Steinbeck? Depressing? No.... Oh wait, yes. Yes indeed.

Doodadeedoo! Sound the trumpets! We have yet another book to add to the list of H’s favorites.

Introducing: Of Mice and Men by John Steinbeck.

Can you say, holygoodbookbatman? I can’t even tell you how much I was expecting to not like this.
Why, you ask?
Because, when I was probably around thirteen, I decided that I hated John Steinbeck. With a passion. People would say, “Oh he is one of America’s best writers, blah blah blah” and I would be like “Psshh, doubt it.” (Even though I had never ever read something by him. Just, at one point I decided I hated him).
Anyway, I think it was two years ago I picked up East of Eden and loved it. I said, “WTF was I thinking? Steinbeck rules.” Then I read The Pearl (see review here) and I wasn’t as impressed. And now this. This book of amazingness and heartbreak and sadness and happiness and rabbits.

Basically, for anyone who hasn’t read this (although, I am pretty sure this book has been read by 99.9% of the American population), the book is about two pals named George and Lennie. Lennie is a little on the slow side and is just like a big baby. George takes care of Lennie and watches over him like a big brother. Lennie has an obsession with petting soft things (i.e. mice, puppies, women’s clothing). It is this penchant for soft objects that gets Lennie into a lot of trouble. He kills mice because he doesn’t understand how strong he actually is - petting them straight into Mouse Heaven. George and Lennie share a common dream - that one day they will save up enough money working on ranches to be able to afford their own little house, and Lennie can raise rabbits, and no one will be able to tell them what to do. So, they get a job at a ranch, and are determined to get enough money to live out their dream, and then things start to go in the opposite direction of their plan.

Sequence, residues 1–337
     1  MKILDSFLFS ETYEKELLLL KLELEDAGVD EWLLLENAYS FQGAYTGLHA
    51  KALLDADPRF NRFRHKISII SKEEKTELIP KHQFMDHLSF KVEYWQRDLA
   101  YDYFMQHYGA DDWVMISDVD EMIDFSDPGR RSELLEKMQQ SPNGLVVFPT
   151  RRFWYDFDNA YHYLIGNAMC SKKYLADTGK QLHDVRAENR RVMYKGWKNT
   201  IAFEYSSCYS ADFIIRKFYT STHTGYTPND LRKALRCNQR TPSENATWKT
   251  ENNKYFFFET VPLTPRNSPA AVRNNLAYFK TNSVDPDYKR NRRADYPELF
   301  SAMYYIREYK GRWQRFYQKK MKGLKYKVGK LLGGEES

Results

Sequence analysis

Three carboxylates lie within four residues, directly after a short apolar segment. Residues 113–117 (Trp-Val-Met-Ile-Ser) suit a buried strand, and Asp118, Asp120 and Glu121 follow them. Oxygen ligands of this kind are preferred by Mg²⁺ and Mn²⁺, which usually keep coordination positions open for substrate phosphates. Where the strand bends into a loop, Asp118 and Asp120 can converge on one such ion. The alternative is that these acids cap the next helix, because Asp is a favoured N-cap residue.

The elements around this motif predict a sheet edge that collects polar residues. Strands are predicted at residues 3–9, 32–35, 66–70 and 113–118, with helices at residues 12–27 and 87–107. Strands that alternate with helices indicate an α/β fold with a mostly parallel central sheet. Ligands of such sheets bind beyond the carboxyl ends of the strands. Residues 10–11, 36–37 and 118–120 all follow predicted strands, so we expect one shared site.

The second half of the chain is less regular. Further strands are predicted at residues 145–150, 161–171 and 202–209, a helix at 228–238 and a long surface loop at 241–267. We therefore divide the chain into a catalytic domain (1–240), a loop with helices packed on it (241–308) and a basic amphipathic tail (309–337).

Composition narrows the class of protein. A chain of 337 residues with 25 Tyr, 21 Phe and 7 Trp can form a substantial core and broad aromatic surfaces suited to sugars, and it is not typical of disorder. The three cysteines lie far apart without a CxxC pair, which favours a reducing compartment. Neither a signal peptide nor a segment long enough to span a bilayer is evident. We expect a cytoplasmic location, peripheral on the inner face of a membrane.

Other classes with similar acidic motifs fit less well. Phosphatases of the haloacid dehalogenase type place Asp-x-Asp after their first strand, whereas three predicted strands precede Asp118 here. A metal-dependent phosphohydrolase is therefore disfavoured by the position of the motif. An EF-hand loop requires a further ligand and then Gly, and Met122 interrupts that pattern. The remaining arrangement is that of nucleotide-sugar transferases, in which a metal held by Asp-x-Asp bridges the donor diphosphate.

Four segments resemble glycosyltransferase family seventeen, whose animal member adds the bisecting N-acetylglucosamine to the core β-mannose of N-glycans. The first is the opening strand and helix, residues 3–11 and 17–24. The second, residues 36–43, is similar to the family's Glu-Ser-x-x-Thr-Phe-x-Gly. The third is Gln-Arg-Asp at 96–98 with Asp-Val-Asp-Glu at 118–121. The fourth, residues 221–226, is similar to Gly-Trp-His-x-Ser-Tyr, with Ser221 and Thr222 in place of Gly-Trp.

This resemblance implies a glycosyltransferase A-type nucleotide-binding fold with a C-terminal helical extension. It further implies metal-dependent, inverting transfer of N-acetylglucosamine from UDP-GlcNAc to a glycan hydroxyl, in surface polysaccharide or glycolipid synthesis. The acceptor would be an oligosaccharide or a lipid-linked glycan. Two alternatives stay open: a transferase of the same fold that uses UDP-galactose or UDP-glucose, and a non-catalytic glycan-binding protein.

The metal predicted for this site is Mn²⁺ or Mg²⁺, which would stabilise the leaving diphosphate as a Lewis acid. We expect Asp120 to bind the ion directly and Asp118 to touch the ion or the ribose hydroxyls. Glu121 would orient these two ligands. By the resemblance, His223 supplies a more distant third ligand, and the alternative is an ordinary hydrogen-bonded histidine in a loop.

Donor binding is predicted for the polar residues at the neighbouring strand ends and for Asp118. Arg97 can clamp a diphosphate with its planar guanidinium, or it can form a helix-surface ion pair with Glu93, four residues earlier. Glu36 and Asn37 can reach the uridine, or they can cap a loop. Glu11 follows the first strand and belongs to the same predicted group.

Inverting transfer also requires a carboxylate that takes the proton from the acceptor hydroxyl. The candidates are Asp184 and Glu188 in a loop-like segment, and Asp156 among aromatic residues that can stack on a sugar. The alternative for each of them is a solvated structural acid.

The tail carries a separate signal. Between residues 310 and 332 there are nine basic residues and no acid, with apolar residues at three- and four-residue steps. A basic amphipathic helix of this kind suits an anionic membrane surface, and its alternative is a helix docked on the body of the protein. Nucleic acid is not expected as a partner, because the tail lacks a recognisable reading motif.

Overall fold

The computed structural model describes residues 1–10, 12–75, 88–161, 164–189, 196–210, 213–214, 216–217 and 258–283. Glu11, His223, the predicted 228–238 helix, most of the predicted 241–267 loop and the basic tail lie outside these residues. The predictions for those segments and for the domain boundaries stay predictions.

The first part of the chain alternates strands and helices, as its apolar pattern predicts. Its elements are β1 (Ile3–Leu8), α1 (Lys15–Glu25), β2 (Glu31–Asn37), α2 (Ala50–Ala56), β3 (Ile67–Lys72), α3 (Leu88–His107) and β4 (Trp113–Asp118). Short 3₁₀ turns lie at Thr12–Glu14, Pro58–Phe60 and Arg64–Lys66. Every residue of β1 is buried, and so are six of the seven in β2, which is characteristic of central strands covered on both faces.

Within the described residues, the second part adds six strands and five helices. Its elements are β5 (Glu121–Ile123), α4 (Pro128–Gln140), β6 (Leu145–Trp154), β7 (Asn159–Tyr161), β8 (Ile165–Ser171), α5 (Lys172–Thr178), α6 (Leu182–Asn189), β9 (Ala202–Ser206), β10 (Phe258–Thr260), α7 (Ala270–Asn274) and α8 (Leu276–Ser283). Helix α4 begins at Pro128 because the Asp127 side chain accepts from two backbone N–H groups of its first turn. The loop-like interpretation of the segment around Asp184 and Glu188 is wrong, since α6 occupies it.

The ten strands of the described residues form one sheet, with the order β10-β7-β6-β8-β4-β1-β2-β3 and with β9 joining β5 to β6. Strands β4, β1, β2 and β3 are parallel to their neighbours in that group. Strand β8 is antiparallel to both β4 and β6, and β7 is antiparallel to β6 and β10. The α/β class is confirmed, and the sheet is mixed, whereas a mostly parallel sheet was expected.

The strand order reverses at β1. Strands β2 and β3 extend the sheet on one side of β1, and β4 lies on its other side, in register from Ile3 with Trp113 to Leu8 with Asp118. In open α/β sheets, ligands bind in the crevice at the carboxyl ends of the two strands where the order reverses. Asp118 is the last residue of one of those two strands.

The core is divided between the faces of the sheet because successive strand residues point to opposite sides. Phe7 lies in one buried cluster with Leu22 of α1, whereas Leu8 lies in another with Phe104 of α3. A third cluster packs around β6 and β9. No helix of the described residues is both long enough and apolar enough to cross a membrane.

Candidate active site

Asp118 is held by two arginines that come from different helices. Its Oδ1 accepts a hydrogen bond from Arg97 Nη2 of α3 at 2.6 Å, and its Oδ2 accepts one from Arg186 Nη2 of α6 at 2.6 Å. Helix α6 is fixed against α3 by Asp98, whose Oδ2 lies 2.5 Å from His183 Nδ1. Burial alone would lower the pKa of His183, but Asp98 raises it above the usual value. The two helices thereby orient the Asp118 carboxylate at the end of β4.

Sitting in bed, bawling, and clutching my copy Of Mice and Men is not how I expected to end my night, but what can you do? This book was so absolutely touching and depressing, I couldn’t help but cry.
If you haven’t read it – read it. Steinbeck has such a wonderful way of writing about scenery and characters and straight up human emotions, that it’s hard to put his books down.

I got my copy of The Blind Assassin last night, very excited to start #1book140 tomorrow.

On to reading!


A Book Club Via Twitter? Noice.

If any of you have Twitter accounts (which I feel like a lot of people do), there is a cool thing that is about to happen... basically a Twitter Book Club.

Jeff Howe, a journalism professor at Northeastern University, is helping to organize 1book140 (i.e. one book review in 140 characters, which means you cant blab on and on and bore everyone to tears). The first book that has been chosed for 1book140 is Margaret Atwood's novel The Blind Assassin. I haven't read anything by Margaret Atwood, but I do have The Handmaid's Tale on my To Read list because I've heard a lot of good things about her.